In systems that incorporate more than 40 automatic fire detectors, the user should instigate an in-depth investigation by suitable specialists if, in any rolling period of 12 months, either:
- the average rate of false alarms exceeds one false alarm per 20 detectors per annum; or
- three or more false alarms are initiated by any single manual call point or automatic fire detector (or detector location).
In systems that incorporate fewer than 40 automatic fire detectors, an in-depth investigation should be instigated by the user if, in any rolling 12 month period, three or more false alarms occur.
Should a premises exceed the limitations on an acceptable level of false alarms then a review of this premises should be undertaken by the UwFS team.
If following this review it is apparent that the Responsible Person has not taken the appropriate actions in order to address UwFS from the premises, or that there are fundamental issues with the standard of general fire precautions indicative of poor fire safety management, then this premises should be referred to the BFS department for audit.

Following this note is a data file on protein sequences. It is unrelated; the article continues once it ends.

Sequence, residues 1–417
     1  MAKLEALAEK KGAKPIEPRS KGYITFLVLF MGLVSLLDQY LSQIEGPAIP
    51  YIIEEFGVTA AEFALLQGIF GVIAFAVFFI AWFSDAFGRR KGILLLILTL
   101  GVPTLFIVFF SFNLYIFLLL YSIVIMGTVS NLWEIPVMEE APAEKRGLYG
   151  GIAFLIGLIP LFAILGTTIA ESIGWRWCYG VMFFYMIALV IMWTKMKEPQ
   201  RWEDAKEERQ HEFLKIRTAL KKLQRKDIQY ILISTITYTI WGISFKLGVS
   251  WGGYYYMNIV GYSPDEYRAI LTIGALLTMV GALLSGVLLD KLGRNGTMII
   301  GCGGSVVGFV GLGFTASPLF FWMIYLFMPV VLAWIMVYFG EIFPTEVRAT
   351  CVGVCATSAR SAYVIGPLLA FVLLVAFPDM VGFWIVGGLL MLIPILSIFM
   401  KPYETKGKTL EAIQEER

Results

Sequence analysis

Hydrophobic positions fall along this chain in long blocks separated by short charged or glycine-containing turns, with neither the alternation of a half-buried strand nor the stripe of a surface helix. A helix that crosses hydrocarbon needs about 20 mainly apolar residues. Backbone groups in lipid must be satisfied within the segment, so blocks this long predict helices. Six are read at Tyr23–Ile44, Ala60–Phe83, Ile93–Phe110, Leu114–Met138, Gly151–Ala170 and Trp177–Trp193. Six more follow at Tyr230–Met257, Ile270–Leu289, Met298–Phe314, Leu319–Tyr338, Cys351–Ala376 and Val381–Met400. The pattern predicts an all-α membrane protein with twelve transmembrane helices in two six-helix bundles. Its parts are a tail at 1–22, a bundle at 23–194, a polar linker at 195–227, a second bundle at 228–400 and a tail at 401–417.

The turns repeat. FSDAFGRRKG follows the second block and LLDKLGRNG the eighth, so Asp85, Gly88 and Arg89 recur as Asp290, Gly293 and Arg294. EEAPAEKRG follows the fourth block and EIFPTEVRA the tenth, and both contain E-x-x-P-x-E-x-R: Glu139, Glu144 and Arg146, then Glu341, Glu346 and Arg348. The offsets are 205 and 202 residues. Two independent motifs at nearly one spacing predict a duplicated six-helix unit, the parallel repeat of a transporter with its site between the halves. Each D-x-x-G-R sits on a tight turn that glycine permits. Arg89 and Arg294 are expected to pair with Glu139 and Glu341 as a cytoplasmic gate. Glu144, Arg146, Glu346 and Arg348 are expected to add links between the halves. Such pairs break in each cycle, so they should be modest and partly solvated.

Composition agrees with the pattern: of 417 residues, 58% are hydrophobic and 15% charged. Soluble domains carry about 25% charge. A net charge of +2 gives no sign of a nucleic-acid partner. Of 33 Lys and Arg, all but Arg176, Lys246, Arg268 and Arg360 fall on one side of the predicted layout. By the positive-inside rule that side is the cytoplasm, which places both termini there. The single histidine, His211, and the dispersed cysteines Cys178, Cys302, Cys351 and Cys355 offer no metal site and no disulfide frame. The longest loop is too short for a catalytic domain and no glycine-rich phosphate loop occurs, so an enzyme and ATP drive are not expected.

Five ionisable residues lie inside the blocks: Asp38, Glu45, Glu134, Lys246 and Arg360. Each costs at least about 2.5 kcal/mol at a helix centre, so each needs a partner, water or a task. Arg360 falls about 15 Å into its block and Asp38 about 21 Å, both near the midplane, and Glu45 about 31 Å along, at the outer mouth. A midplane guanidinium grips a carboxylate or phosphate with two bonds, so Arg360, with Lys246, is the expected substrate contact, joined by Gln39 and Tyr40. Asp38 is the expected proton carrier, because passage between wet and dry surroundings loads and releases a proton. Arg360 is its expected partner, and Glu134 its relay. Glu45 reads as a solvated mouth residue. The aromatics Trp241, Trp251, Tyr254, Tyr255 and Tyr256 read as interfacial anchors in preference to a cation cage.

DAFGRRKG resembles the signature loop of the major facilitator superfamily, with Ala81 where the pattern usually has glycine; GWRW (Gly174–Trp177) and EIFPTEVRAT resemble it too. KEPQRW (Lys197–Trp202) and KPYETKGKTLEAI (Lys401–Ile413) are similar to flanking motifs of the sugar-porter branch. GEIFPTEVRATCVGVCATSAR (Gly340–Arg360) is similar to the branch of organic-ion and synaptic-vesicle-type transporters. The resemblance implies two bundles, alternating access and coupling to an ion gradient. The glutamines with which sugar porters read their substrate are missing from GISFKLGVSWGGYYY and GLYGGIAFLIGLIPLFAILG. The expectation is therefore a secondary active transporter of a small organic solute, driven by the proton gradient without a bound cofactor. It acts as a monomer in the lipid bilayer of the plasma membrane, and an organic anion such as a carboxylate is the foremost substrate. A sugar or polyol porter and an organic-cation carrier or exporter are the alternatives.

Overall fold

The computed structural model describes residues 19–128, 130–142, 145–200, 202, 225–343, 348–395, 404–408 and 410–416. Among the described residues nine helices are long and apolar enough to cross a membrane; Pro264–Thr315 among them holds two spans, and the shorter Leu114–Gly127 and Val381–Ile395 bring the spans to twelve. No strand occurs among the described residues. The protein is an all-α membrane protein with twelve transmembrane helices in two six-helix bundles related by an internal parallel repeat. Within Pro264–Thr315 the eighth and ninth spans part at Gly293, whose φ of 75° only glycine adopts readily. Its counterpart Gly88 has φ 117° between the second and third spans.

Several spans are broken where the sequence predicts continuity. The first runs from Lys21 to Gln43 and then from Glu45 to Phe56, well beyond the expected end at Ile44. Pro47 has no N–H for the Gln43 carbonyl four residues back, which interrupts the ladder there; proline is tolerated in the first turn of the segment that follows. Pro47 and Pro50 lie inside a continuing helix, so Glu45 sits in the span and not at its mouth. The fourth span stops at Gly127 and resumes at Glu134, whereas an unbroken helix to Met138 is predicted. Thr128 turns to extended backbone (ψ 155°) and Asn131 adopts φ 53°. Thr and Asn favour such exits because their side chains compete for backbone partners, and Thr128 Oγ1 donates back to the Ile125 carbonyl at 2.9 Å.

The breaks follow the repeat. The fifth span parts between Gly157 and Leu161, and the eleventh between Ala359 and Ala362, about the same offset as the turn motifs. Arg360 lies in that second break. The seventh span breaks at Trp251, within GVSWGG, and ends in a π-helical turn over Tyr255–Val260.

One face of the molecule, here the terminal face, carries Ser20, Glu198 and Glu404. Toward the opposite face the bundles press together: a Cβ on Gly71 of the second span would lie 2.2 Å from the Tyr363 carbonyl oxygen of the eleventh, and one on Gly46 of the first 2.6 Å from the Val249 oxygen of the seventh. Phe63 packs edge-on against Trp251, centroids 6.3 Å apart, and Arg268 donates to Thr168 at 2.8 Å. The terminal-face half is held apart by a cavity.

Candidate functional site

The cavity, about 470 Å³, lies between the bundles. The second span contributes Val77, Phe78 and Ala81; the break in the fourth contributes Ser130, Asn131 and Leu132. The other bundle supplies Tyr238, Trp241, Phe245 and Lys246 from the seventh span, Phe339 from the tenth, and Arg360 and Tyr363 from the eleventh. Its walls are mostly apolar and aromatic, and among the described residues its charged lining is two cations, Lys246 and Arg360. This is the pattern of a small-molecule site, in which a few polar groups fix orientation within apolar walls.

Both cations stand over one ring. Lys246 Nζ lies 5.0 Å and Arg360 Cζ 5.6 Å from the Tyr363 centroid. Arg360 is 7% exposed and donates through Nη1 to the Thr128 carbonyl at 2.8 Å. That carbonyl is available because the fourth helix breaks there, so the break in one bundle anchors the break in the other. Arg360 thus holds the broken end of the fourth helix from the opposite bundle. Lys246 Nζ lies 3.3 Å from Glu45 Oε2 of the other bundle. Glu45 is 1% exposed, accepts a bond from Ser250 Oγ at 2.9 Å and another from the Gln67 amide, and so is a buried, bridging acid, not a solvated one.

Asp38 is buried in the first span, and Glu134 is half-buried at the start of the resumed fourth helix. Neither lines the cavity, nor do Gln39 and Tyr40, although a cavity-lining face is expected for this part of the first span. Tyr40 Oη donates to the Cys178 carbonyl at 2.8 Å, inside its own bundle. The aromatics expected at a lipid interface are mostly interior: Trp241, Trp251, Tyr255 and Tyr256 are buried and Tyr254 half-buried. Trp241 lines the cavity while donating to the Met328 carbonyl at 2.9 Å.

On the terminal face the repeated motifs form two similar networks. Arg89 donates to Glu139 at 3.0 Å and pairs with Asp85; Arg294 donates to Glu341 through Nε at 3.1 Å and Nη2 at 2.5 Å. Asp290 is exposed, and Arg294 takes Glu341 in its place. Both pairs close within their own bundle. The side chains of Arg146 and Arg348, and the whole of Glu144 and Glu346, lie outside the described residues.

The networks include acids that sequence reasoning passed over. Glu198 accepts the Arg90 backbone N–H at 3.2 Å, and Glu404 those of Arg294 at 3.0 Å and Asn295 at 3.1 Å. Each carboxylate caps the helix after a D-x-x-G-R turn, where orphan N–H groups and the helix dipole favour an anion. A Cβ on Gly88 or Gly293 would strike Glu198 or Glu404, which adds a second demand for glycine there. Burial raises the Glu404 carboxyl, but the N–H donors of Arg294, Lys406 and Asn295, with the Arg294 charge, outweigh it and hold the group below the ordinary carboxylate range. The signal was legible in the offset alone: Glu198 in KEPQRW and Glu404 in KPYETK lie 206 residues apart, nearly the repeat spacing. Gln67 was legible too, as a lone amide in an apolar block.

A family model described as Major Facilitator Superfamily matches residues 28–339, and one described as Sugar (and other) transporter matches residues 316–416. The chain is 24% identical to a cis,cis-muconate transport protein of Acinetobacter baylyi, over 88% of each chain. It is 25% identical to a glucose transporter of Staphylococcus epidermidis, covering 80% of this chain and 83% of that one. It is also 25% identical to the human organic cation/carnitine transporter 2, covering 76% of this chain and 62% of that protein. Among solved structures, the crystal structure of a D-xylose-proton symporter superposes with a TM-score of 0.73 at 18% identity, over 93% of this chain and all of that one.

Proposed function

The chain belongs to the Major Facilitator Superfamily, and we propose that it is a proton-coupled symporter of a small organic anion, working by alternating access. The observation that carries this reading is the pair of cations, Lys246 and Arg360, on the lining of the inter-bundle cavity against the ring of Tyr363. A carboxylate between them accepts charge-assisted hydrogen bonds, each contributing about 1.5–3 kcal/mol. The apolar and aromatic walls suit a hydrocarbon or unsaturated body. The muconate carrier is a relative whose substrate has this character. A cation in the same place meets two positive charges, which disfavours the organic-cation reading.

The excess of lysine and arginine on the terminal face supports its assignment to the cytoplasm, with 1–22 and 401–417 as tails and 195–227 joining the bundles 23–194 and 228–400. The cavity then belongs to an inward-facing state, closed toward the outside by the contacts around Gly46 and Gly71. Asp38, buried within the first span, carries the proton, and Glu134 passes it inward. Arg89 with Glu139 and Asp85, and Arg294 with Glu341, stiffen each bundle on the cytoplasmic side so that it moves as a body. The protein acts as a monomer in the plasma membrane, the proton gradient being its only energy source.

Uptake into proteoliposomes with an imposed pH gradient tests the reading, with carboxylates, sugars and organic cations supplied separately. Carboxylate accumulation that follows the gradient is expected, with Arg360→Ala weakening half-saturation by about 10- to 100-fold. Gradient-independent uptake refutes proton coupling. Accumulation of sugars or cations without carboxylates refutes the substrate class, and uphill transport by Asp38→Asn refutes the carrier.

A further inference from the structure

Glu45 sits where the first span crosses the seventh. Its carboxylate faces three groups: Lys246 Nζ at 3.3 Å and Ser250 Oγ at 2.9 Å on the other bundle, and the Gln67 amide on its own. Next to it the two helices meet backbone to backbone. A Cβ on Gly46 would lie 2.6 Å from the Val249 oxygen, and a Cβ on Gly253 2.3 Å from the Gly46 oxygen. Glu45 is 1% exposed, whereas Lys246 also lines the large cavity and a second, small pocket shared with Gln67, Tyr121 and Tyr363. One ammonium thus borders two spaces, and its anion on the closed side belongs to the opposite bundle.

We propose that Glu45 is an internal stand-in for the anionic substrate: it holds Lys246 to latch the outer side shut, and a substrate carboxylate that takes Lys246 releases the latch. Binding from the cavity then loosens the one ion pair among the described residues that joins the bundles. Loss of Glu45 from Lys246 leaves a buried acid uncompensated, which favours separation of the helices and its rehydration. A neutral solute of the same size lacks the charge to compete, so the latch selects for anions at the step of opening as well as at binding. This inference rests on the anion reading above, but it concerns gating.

The Fire Safety Technical Officer (UwFS) will report directly to the Station Manager BFS, who has responsibility for monitoring our performance against UwFS targets.
The Station Manager BFS will report progress monthly to the Head of Prevention at the Monthly Prevention Manager’s meeting.
The Service has set three Local Indicators for UwFS. These have taken the actual performance achieved in 2011/12 as the baseline. Performance will be measured against these targets and are approximated to a further 5% reduction in each category, for each of the next three years.
|Category||2011/12 Actual||2012/13 Target||2013/14 Target||2014/15 Target|
|Non domestic LI AFA 1||852||810||770||730|
|Domestic LI AFA 2||283||270||255||240|
|Total UwFS LI AFA 3||1135||1080||1025||970|
Fire and Rescue Service Attendance Levels
SFRS has set the following AFA mobilising policy:
1 pumping appliance mobilised to any AFA plus;
A second pumping appliance is mobilised to life risk premises between 2200 and 0800 hours.
Some special risks generate a specific predetermined attendance which is offered by the Command & Control system; these are not impacted by this policy.